Bringing a distance learning model to Ethiopia
As Ohio State continues to build inroads with partners in Ethiopia, a team of educators and distance learning professionals are helping to build a superhighway, explains Nicole Kraft, assistant professor of communication.
The iPads were lined up on the table, sleek and black in their cases, a white, square power cord adaptor neatly stacked nearby — like a marshmallow awaiting a s’more.
Cory Tressler of the Office of Distance Education and eLearning prepared to guide our audience through the power and performance that are the iPad and iTunes U. It was just like the similar boot camps I had attended – with some glaring differences.
Our audience was made up entirely of academics from the University of Gondar; the 70-degree temperatures belied it was December; and horse-drawn carts on our commute to work let us know we surely were not in Ohio any more.
We were, in fact, more than 7,000 miles away in the African nation of Ethiopia, for an incredible, week-long trip to launch the next edition of the Digital First Impact Grant with this year’s recipient, Dr. Wondwossen Gebreyes of the College of Veterinary Medicine.
I have been working with Tressler and Wondwossen about the same length of time, though in vastly different capacities.
Tressler was my mentor through my first iTunes U course development trip to Apple, which led me to 10 public and private courses (with two more on the way in January) and a pair of iBook textbooks. Our partnership developed even further when I won the inaugural Digital First Impact Grant to use iPads in my news writing classroom.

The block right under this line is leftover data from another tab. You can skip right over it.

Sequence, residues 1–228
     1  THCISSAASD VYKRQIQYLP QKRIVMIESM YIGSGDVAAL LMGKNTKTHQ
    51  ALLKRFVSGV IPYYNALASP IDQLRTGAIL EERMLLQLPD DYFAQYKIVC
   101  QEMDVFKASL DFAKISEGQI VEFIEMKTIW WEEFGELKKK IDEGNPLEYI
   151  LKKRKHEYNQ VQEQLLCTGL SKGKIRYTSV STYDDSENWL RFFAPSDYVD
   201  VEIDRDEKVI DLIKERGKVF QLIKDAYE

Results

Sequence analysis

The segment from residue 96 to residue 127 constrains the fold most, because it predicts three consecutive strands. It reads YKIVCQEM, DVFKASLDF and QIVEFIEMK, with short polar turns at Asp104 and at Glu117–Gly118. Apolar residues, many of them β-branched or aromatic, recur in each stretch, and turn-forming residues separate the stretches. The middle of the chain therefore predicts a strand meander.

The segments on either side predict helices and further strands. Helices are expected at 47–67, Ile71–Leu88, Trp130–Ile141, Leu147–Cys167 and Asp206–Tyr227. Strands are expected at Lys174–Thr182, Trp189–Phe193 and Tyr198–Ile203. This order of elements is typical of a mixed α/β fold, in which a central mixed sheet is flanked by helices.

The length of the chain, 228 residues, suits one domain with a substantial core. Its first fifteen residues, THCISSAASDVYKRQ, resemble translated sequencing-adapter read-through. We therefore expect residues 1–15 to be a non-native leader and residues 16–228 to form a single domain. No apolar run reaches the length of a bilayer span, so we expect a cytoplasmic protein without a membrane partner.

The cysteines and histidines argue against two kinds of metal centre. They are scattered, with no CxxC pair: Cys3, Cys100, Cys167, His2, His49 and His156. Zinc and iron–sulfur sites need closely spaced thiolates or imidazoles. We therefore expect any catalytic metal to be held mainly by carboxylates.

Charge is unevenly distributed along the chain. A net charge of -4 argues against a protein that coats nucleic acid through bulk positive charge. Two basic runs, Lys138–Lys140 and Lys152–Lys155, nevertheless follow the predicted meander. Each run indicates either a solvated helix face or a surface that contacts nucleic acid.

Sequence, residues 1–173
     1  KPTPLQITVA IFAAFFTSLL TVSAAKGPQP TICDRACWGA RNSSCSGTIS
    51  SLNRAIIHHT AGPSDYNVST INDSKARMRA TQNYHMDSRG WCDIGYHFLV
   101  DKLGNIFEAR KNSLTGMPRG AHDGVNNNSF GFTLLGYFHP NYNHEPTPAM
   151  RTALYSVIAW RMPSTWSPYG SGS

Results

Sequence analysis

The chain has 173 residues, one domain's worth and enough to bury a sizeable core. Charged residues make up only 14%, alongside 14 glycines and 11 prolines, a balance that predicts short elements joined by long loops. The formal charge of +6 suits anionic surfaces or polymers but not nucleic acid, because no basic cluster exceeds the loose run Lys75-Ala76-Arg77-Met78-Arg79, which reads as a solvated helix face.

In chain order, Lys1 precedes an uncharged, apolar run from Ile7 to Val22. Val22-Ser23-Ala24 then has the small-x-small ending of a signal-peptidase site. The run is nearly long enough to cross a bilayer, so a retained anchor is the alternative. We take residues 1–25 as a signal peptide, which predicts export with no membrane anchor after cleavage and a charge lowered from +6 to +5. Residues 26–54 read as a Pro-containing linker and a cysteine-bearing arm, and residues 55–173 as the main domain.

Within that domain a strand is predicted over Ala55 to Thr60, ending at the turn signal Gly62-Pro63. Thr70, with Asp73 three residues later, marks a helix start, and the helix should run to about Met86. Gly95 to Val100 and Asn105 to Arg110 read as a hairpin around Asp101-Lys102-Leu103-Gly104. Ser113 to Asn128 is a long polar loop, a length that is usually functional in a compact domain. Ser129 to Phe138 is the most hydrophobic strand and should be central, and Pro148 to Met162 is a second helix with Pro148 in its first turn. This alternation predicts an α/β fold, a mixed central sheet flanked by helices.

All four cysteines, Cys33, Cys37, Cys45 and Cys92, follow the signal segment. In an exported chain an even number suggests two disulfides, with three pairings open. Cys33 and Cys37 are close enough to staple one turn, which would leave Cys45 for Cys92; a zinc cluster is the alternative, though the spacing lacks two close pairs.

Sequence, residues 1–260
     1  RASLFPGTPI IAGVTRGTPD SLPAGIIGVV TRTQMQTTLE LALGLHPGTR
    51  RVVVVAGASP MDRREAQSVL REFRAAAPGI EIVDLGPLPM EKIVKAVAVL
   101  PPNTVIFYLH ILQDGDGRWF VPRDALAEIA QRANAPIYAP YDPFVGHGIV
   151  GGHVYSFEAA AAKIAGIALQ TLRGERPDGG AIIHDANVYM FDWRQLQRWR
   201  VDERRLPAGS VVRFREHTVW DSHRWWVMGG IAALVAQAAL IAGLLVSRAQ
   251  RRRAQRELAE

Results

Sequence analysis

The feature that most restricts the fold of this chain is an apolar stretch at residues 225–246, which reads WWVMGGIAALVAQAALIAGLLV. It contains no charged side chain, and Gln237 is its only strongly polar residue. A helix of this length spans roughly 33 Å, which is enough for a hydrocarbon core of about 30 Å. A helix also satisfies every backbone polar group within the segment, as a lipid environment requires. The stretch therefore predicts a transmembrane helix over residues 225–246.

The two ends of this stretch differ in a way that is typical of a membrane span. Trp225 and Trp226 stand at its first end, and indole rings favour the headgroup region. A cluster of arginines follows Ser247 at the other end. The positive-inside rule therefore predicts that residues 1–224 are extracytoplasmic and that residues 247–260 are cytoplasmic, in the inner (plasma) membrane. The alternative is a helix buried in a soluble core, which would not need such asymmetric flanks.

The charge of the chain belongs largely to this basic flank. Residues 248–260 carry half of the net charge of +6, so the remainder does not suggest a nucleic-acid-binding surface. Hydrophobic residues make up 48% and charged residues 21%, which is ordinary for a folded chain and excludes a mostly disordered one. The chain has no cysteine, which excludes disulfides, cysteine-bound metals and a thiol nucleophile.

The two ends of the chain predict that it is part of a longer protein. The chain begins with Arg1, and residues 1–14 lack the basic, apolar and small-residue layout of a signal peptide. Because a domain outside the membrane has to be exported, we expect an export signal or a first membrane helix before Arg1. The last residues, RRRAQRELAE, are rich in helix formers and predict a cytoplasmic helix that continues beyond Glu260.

I was thrilled when those worlds converged and Wondwossen made his first iTunes U course – and even more so when he applied for – and received – the second Digital First grant, this time to conjoin learning between Ohio State and Ethiopia through the iPad and iTunes U.
L to R: Cory Tressler, Nicole Kraft, Kevin Kula, Dr. Wondwossen Gebreyes
Then came the August phone call that asked I join Tressler and ODEE’s Kevin Kula to launch the program in the Addis Ababa and Gondar regions of Ethiopia.
I could not get a visa quickly enough.
We split our time between universities in the two cities, disseminating 20 iPads to the local academics and administrators, and training each recipient on the secrets held by each device. In between, we worked on:
- Messaging for a rabies vaccination initiative launching this summer;
- Discussing the benefits of the Carmen system with their IT professionals;
- Admiring the amazing tech infrastructure in Gondar;
- Touring classrooms and veterinary facilities; and
- Sharing gifts from the Columbus Crew to orphans at the Mary Joy Development Association.
The seed for the Ethiopia and Ohio State partnership was planted and nurtured by Wondwossen, and it has, in the four years of the task force, grown into a wildflower meadow of engaged faculty and staff from across continents, nations and universities. Every summer educators and students from the health colleges, as well as social work, embark on weeks-long trips to the east African nation to share and receive knowledge – and build an academic bridge that grows stronger every year.
And the ODEE digital engagement in this effort has now made our bridge into a superhighway, as we provide Ohio State quality materials in the comprehensive learning environment that is iTunes U.
Less than a month removed from our return, we have gotten over our jet lag, disseminated our gifts of Ethiopian coffee and already begun planning how we might maximize the relationships we developed.
The summer institute is just around the corner, and the potential to enhance our university’s course offerings even more is just beginning.
We have a lot of work to do.